organic compounds\(\def\hfill{\hskip 5em}\def\hfil{\hskip 3em}\def\eqno#1{\hfil {#1}}\)

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1,1′-(Propane-1,3-di­yl)bis­­(3-phenyl­urea)

aSchool of Chemistry, University of KwaZulu–Natal, Durban 4000, South Africa
*Correspondence e-mail: maguireg@ukzn.ac.za

(Received 20 July 2011; accepted 30 August 2011; online 3 September 2011)

The title compound, C17H20N4O2, has crystallographic inversion symmetry. In the crystal structure, inter­molecular hydrogen bonding between adjacent urea groups gives rise to infinite polymeric chains diagonally across the bc plane. With a centroid–centroid distance of 3.295 (2) Å, ππ stacking is present in the crystal along the same plane.

Related literature

For applications of ureas, see: Park et al. (2011[Park, J., Lang, K., Abboud, K. A. & Hong, S. (2011). Chem. Eur. J. 17, 2236-2245.]); Ahmed et al. (2011[Ahmed, N., Geronimo, I., Hwang, I., Singh, N. J. & Kim, K. S. (2011). Chem. Eur. J. 17, 8542-8548.]); Sharma et al. (2010[Sharma, S. K., Wu, Y., Steinbergs, N., Crowley, M. L., Hanson, A. S., Casero, R. A. Jr & Woster, P. M. (2010). J. Med. Chem. 53, 5197-5212.]); Vos et al. (2010[Vos, M. R. J., Leclère, P. E. L. G., Meekes, H., Vlieg, E., Nolte, R. J. M. & Sommerdijk, N. A. J. M. (2010). Chem. Commun. 46, 6063-6065.]); Dawn et al. (2011[Dawn, S., Dewal, M. B., Sobransingh, D., Paderes, M. C., Wibowo, A. C., Smith, M. D., Krause, J. A., Pellechia, P. J. & Shimizu, L. S. (2011). J. Am. Chem. Soc. 133, 7025-7032.]). For related structures, see: Koevoets et al. (2005[Koevoets, R. A., Versteegen, R. M., Kooijman, H., Spek, A. L., Sijbesma, R. P. & Meijer, E. W. (2005). J. Am. Chem. Soc. 127, 2999-3003.]).

[Scheme 1]

Experimental

Crystal data
  • C17H20N4O2

  • Mr = 312.37

  • Monoclinic, C 2/c

  • a = 33.811 (7) Å

  • b = 4.598 (1) Å

  • c = 9.891 (2) Å

  • β = 98.957 (4)°

  • V = 1518.9 (6) Å3

  • Z = 4

  • Mo Kα radiation

  • μ = 0.09 mm−1

  • T = 173 K

  • 0.50 × 0.21 × 0.02 mm

Data collection
  • Bruker Kappa DUO APEXII diffractometer

  • Absorption correction: multi-scan (TWINABS; Sheldrick, 2007[Sheldrick, G. M. (2007). TWINABS. University of Göttingen, Germany.])Tmin = 0.955, Tmax = 0.998

  • 1930 measured reflections

  • 1930 independent reflections

  • 1811 reflections with I > 2σ(I)

  • Rint = 0.042

Refinement
  • R[F2 > 2σ(F2)] = 0.033

  • wR(F2) = 0.092

  • S = 1.05

  • 1930 reflections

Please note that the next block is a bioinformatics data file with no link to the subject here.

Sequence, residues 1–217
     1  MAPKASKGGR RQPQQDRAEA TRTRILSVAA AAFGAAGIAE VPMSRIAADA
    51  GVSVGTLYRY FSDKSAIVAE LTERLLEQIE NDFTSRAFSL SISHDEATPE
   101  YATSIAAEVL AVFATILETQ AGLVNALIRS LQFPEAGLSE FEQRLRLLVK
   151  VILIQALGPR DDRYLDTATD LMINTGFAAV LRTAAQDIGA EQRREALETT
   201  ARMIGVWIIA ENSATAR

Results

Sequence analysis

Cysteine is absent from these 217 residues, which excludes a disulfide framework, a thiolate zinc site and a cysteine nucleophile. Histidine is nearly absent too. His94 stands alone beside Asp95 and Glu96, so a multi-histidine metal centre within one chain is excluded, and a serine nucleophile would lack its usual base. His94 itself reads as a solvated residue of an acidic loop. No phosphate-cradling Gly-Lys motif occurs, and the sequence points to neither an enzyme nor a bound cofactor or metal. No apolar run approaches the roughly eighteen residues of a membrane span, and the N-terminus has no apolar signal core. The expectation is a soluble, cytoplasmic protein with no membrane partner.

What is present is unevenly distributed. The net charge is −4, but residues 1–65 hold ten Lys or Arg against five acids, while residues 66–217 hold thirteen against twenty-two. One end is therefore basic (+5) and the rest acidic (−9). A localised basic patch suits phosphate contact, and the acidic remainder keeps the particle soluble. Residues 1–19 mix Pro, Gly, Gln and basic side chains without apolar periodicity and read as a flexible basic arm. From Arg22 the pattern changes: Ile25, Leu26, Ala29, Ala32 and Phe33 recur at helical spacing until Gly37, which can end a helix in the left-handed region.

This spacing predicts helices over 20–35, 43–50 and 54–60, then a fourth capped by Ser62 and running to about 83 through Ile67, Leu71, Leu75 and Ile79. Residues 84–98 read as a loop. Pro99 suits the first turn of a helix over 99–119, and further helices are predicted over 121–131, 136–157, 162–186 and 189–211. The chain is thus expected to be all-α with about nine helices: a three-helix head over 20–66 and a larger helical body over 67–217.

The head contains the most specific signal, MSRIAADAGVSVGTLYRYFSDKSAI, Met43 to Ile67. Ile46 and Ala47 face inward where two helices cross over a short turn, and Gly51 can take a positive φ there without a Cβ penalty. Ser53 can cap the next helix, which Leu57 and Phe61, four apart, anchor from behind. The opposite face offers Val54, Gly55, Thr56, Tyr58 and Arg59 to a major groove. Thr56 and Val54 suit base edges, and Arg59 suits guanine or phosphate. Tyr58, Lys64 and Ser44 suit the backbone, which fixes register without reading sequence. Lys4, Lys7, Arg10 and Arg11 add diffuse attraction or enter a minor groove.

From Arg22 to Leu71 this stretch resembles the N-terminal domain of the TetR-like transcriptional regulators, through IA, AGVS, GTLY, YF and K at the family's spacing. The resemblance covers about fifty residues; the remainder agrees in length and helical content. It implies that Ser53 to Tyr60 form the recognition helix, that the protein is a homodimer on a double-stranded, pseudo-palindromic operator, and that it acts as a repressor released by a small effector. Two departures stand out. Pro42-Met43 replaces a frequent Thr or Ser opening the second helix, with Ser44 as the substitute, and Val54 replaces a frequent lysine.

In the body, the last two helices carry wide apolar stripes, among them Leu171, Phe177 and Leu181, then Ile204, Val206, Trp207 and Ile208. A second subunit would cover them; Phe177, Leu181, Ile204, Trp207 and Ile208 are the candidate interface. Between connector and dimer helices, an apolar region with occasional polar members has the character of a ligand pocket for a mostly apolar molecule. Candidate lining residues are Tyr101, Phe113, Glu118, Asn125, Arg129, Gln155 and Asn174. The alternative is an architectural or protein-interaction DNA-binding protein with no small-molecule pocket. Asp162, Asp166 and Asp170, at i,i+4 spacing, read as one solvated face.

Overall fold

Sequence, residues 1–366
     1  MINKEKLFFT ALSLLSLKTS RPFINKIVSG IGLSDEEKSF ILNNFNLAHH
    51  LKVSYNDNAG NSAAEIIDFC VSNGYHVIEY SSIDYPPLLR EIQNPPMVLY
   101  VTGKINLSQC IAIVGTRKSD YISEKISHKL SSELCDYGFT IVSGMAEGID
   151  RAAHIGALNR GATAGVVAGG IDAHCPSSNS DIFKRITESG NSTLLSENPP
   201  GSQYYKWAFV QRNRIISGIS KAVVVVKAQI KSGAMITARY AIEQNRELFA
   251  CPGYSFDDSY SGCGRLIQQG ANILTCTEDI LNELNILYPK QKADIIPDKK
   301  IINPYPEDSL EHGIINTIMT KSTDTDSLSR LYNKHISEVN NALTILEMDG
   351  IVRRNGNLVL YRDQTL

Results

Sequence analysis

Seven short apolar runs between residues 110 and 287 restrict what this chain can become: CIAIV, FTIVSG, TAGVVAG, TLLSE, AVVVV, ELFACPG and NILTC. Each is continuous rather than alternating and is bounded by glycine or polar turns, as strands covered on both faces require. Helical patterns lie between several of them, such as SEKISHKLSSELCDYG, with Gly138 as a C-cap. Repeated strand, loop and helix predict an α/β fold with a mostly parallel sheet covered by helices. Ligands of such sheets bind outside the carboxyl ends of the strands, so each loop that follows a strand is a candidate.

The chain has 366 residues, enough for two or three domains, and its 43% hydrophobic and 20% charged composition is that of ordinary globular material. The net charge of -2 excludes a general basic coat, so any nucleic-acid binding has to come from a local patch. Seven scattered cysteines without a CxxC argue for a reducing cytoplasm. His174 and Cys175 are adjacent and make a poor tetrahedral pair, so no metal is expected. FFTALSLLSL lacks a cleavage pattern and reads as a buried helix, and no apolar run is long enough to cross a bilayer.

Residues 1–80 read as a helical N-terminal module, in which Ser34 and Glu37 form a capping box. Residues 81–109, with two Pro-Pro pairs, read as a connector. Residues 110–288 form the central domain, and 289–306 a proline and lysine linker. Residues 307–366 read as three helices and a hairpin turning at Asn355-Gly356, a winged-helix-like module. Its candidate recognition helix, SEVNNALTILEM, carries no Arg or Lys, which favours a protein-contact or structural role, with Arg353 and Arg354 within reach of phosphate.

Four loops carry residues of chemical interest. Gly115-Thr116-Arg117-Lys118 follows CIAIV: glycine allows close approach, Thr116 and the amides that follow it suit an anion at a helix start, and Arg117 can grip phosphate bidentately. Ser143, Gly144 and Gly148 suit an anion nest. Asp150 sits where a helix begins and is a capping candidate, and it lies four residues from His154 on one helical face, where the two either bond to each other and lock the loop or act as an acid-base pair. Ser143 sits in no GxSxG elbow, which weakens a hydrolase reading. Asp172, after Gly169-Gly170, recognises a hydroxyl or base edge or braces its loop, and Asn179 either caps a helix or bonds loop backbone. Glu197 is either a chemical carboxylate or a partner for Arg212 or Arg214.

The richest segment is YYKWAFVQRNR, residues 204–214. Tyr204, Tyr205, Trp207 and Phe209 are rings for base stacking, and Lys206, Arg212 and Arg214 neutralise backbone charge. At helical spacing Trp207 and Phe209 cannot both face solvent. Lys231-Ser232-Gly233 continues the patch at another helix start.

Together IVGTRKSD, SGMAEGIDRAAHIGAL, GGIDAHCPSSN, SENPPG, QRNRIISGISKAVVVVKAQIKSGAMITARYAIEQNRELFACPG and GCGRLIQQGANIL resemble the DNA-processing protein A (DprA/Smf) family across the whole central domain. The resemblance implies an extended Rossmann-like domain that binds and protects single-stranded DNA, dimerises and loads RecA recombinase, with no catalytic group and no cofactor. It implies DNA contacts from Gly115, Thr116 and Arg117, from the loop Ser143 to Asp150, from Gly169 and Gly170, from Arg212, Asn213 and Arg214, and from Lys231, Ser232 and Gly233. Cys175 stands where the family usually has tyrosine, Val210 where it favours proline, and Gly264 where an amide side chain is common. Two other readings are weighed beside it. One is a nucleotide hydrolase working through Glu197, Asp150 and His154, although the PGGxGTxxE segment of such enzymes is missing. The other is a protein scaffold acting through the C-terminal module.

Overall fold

• 114 parameters

  • H atoms treated by a mixture of independent and constrained refinement

  • Δρmax = 0.27 e Å−3

  • Δρmin = −0.19 e Å−3

Table 1
Hydrogen-bond geometry (Å, °)

D—H⋯A D—H H⋯A DA D—H⋯A
N1—H1N⋯O1i 0.834 (18) 2.124 (18) 2.8742 (14) 149.7 (13)
N2—H2N⋯O1i 0.864 (18) 2.119 (18) 2.8904 (14) 148.4 (15)
Symmetry code: (i) x, y-1, z.

Data collection: APEX2 (Bruker, 2006[Bruker (2006). APEX2 and SAINT Bruker AXS Inc., Madison, Wisconsin, USA.]); cell refinement: SAINT (Bruker, 2006[Bruker (2006). APEX2 and SAINT Bruker AXS Inc., Madison, Wisconsin, USA.]); data reduction: SAINT; program(s) used to solve structure: SHELXS97 (Sheldrick, 2008[Sheldrick, G. M. (2008). Acta Cryst. A64, 112-122.]); program(s) used to refine structure: SHELXL97 (Sheldrick, 2008[Sheldrick, G. M. (2008). Acta Cryst. A64, 112-122.]); molecular graphics: OLEX2 (Dolomanov et al., 2009[Dolomanov, O. V., Bourhis, L. J., Gildea, R. J., Howard, J. A. K. & Puschmann, H. (2009). J. Appl. Cryst. 42, 339-341.]); software used to prepare material for publication: SHELXL97.

Supporting information


Comment top

Bis-ureas have been employed as ligands for metal complexes used in hydrolytic kinetic resolution of epoxides (Park et al., 2011) and as chromogenic and fluorogenic receptors (Ahmed et al., 2011). These molecules have also been found to be useful as epigenetic modulators (Sharma et al., 2010), in surfactant self-assembies (Vos et al., 2010), and photo dimerizing agent for coumarins (Dawn et al., 2011).

The closest reported structures are 3,3'-bis-phenyl-(butylene-1,4)-bisurea and 3,3'-bis-phenyl-(heptylene-1,7)-bisurea (Koevoets et al., 2005). In the butylene derivatives a transoid arrangement is evident whereas the heptylene molecule adopts a cisoid arrangement of the two urea groups. The title compound has an odd number of carbons in its aliphatic chain (propylene). This leads to a cisoid arrangement of the two urea groups (Fig. 1).

The asymmetric unit of the title compund, C17H20N4O2, contains half molecule of 1,1'-(propane-1,3-diyl)bis(3-phenylurea) and the complete molecule is generated by inversion symmetry (i) : 1-x, y, 1.5-z. Intermolecular hydrogen bonding between adjacent urea groups N1–H1–O1, 2.8742 (14) Å and N2–H2–O1, 2.8904 (14) Å gives rise to infinite polymeric chains across the bc plane (Fig. 2), The spacing between the two hydrogen-bonded urea groups is 4.59 Å in the title compound, while it is 4.64 Å for the even butylene spacer and 4.63 Å for the odd heptylene spacer. With a centroid distance of less than 3.5 Å, π-π stacking is present in the crystal along the same plane.

Related literature top

For applications of ureas, see: Park et al. (2011); Ahmed et al. (2011); Sharma et al. (2010); Vos et al. (2010); Dawn et al. (2011). For related structures, see: Koevoets et al. (2005).

Experimental top